The man starts playing with the band accompanying him, and everyone in the restaurant claps along with the music.  "Balki, I . . . I think we need to switch tables," Larry says, "The . . . the music is too much for Grandpa."  "No, Cousin," Balki tries to stop him, but Larry turns to Grandpa and begins, "Grandpa, I think . . . I think weíd better . . . "  Balki takes one of the appetizers and stuffs it into Larryís mouth.  Larry reacts as if his mouth is on fire, but there is no water on the table, so he runs to Athenaís table and reaches for some water, but she grabs him and pulls him down across her lap, laughing with delight.  George and the waiters start to lead a line of Greek dancing across the dining room, with patrons getting up to join in.  The waiter at the end of line reaches out for Balki to join in, and Balki in turn gets up and tries to encourage Grandpa to come along.  "Come on, Grandpa!" he calls, tapping the manís shoulder.  "Oh no no," Grandpa tries to argue, but Balki pulls him up out of the chair and says, "Come on, Grandpa!  Letís face the music and dance!"  They join the line of dancers.

Larry escapes from Athena and calls after them, "Balki!  I . . . I donít think we should do this.  The floor is very slippery.  We donít know these people!"  The line has disappeared around the corner and Larry chases after them.  The line reappears through another doorway and comes back through the dining room.  A woman has joined the line between Balki and Grandpa.  "Grandpapa, look!  What a surprise!" Balki says, "Itís Sophia!"  "Well, nice to meet ya," Grandpa smiles.  "Oh, you too young to be Grandpa!" Sophia says, "I just call you Buzz."  Larry grabs Balki and pulls him away from the line as Balki continues to dance.  Balki grabs Larry be the shoulders and bounces up and down with him, trying to get him to join in, but Larry wonít cooperate.  Larry finally grabs Balki and asks, "Balki!  Balki, what is the matter with you?  Are you out of your mind?  Spicy food, loud music, dancing?  He could have a heart attack!  Now I donít want to be known as the one in the family who killed Grandpa."  "Well, Cousin, youíre halfway there.  Youíre the one who got him in his burial suit," Balki points out.

George stops near them holding a plate then spins, smashing it on the floor and shouting, "Opa!"  "Now you see?" Larry asks, "Thatís how accidents happen."  Grandpa stops as he passes and shouts, "Opa!" as he also smashes a plate on the floor as well.  "Oh my Lord," Larry gasps, "Heís lost control of his motor skills.  Now Iím gonna get him out of here before he gets hurt!"  Balki grabs Larry and cries, "Oh Cousin, calm down, would you please?  Look at him!  Heís having fun!"  They watch Grandpa dance by on the end of the line with Sophia.  "Well, I . . . I guess I could let him finish the dance," Larry says, starting to warm up to the situation.  As the line dances past them again, Larry says, "It sure looked like theyíre having a lot of fun."  Balki reaches over to a table and picks up a plate.  "Cousin, uh . . . Grandpapa Buzz seems to feel young again.  How Ďbout you?"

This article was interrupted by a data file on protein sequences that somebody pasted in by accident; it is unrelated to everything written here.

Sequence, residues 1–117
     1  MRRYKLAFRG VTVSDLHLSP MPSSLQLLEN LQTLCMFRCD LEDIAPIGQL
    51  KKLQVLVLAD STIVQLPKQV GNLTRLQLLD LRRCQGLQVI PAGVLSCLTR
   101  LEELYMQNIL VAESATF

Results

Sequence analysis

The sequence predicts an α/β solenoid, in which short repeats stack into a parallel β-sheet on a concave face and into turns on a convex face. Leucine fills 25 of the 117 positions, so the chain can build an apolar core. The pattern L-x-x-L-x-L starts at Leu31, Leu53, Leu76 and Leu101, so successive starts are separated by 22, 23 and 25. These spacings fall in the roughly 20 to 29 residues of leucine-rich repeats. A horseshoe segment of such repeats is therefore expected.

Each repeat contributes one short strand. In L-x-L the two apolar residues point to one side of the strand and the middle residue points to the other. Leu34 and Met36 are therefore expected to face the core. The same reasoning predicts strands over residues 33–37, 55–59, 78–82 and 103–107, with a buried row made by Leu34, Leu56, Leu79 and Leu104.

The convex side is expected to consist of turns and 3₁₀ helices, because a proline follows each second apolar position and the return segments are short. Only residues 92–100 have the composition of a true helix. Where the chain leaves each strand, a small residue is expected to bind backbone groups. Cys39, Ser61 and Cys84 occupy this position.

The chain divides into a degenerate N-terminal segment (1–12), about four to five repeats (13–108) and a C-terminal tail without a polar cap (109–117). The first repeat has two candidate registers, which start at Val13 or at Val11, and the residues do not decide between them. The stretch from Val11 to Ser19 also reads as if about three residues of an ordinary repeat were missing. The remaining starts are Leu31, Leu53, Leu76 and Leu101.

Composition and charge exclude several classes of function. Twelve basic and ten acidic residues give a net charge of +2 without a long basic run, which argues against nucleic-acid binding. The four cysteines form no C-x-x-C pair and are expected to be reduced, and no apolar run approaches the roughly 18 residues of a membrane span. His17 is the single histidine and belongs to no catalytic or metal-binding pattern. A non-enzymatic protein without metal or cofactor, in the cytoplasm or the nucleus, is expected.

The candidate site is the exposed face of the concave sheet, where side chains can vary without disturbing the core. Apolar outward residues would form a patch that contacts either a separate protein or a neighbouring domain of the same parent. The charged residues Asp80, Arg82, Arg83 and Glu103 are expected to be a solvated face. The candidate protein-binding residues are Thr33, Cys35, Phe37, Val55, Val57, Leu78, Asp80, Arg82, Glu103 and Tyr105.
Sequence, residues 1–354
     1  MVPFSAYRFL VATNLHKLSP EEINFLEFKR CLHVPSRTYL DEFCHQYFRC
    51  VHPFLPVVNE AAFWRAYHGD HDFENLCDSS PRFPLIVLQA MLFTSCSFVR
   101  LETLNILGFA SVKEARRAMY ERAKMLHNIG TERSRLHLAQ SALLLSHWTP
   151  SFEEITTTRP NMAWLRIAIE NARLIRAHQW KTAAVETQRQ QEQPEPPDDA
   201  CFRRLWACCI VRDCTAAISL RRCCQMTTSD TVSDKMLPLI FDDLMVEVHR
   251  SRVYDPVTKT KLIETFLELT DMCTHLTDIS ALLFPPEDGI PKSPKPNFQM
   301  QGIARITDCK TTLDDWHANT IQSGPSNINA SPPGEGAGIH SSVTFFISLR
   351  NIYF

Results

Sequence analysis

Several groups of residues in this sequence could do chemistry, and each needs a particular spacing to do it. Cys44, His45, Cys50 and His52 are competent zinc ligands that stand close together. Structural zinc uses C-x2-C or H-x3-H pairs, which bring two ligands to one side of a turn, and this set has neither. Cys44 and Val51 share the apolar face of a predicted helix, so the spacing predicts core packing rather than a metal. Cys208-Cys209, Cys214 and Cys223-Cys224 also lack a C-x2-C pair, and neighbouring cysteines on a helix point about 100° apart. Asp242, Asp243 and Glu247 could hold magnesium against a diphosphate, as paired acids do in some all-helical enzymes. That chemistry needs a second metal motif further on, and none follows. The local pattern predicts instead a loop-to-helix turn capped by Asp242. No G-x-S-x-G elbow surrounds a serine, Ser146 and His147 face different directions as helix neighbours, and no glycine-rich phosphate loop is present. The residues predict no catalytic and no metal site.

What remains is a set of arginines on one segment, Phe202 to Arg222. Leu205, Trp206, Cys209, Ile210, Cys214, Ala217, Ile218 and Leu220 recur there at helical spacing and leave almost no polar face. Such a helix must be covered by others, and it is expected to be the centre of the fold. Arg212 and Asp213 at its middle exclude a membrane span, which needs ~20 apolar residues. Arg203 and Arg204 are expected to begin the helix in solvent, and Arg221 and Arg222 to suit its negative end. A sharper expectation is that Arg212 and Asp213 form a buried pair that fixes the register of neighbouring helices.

Grandpa comes between them and grabs the plate, shouting, "Like this, Larry!"  He smashes the plate to the floor and laughs as he runs off.  "Thanks, Grandpa!" Larry calls after him.  The line of people continues to dance around the restaurant.  "Well, Balki, it looks like Buzz is back," Larry smiles, "Thank you."  "Cousin, you could have fun like that, too," Balki points out.  "Oh no, I couldnít," Larry scoffs.  "Yes, you could," Balki says, taking another plate from the table, saying, "Excuse me.  Look, just like this!"  Balki smashes the plate on the floor, shouting, "Opa!"  The line stops dancing and stands, clapping to the music as Larry reaches over and takes a plate from the table.  "Oh . . . oh . . . well . . . Opa!"  Larry throws the plate to the ground where it lands with a thunk without breaking.  The music stops and everyone stares at the unbroken plate as the episode ends.  Over the end credits, Larry and Balki perform a Greek dance which eventually turns into the Dance of Joy.